US names five biological weapons states


GENEVA, Switzerland, Nov. 19 (UPI) -- The United States on Monday named Iraq, North Korea, Iran, Libya, Syria and Sudan as countries that pose a serious threat to international security through their pursuit, development, production and deployment of biological weapons, in violation of a global accord that bans such arms.

In July of this year, the United States rejected a draft protocol aimed at strengthening a nearly three decades-old agreement because it considered it flawed. On Monday it said it "will continue to reject" it despite calls by China, Russia and many western and developing country powers to reconsider and not ditch the derailed package.


John Bolton, U.S. under-secretary of state for arms control and international security, told a United Nations'conference on the Biological Weapons Convention the Bush administration "strongly suspects that Iraq has taken advantage of three years of no U.N. inspections to improve all phases of its offensive BW (biological weapons) program. The existence of Iraq's program is beyond dispute."


"The United States will simply not enter into agreements that allow rogue states or others to develop and deploy biological weapons," Bolton said.

The U.S. official told delegates North Korea's bioloical weapons program also was disturbing and said the United States believes the country has "developed and produced, and may have weaponized BW agents in violation of the convention."

Similarly, he said the Bush administration believes Iran "probably has produced and weaponized BW weapons agents in violation of the convention" and that Libya and Syria, respectively, have "an offensive BW program in the research and development stage," and may be capable of producing small quantities of an agent.

Bolton said the United States also is concerned about the growing interest by Sudan in developing a biological weapons program.

He said there also is worry about the stated intention of prime terrorist suspect Osama bin Laden and his al Qaida terrorist organization to use biological weapons.

Bolton qualified that while the United States "is not prepared, at this time to comment on whether rogue states may have assisted a possible al Qaida biological weapons program."

Bolton told a news conference the American officials "have the highest degree of confidence in the accuracy" of the statement concerning the list of countries named.


He also said the draft biological weapons protocol "is dead in our view and will not be resurrected ..."

In light of the U.S. assessment the convention and the draft protocol fall short on the enforcement front, Bolton proposed a series of measures the 144 member states to the accord could agree on to strengthen the accord, such as:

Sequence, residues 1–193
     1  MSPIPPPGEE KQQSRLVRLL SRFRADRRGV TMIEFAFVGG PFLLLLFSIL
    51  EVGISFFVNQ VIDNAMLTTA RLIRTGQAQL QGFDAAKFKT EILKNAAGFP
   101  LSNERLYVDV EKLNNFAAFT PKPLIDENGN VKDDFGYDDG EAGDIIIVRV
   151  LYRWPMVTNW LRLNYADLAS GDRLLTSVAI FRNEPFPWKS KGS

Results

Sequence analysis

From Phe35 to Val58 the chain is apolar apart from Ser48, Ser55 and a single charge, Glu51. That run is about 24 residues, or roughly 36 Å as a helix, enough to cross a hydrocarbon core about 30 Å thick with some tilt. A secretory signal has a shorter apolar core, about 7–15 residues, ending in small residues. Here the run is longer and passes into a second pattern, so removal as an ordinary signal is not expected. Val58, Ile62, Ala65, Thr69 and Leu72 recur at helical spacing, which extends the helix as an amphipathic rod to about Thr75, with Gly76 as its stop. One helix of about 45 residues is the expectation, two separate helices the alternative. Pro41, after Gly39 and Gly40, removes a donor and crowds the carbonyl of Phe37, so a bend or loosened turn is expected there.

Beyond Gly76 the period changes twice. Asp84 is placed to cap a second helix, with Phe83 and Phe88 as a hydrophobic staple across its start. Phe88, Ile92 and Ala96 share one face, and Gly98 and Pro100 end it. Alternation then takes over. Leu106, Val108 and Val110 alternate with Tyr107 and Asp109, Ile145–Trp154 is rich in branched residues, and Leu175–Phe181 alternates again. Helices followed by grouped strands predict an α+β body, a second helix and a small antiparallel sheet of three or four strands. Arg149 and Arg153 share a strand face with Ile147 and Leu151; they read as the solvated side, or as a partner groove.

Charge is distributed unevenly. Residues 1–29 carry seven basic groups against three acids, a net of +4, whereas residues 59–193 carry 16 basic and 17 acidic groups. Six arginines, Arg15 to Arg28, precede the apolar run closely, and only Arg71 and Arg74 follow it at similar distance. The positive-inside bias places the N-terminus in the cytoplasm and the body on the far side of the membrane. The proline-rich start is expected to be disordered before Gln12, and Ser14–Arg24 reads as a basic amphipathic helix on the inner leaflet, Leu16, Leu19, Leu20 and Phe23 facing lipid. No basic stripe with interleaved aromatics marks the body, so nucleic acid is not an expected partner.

-- establishment of an international mechanism for international investigations of suspicious disease outbreaks or alleged biological incidents, which would require parties to accept international inspectors upon determination by the UN secretary-general that an inspection is needed.

-- Enact national criminal legislation to enhance their bilateral extradition agreements.

Senior diplomats from a cross section of countries told United Press International the idea to use the UN chief's office rather than the BWC was in the words of some "incredible," and "unfair."

"The world needs the U.S. and the U.S. needs the world. So cooperation is the way. Unilateralism will not succeed, in particular after Sept. 11 and the anthrax attacks," Ambassador Sha Zukang, head of the Chinese delegation, told UPI.

Earlier, Sha told state parties to the BWC treaty "it is very difficult for a country to ensure its security with its own efforts alone, however, powerful it may be."


The Russian ambassador, Leonid Skotnikov, said Moscow believes the "resulting situation with the protocol may lead to a greater threat of spreading biological weapons, and this means they may end up in the hands of terrorists."

He told the conference Russia believes more than ever of the "need of strengthening " the BWC by adopting the draft protocol.

Belgium, speaking on behalf of the 15-member European Union and 12 other European countries, also called for the adoption of measures to strenghten the implementation of the BWC convention in all of its provisions.

In a message to the three-week review conference of the convention, UN Secretary General Kofi Annan said "full implementation of the BWC must be given higher priority" and urged participants to overcome their differences "and take these next crucial steps in the history of this landmark convention."

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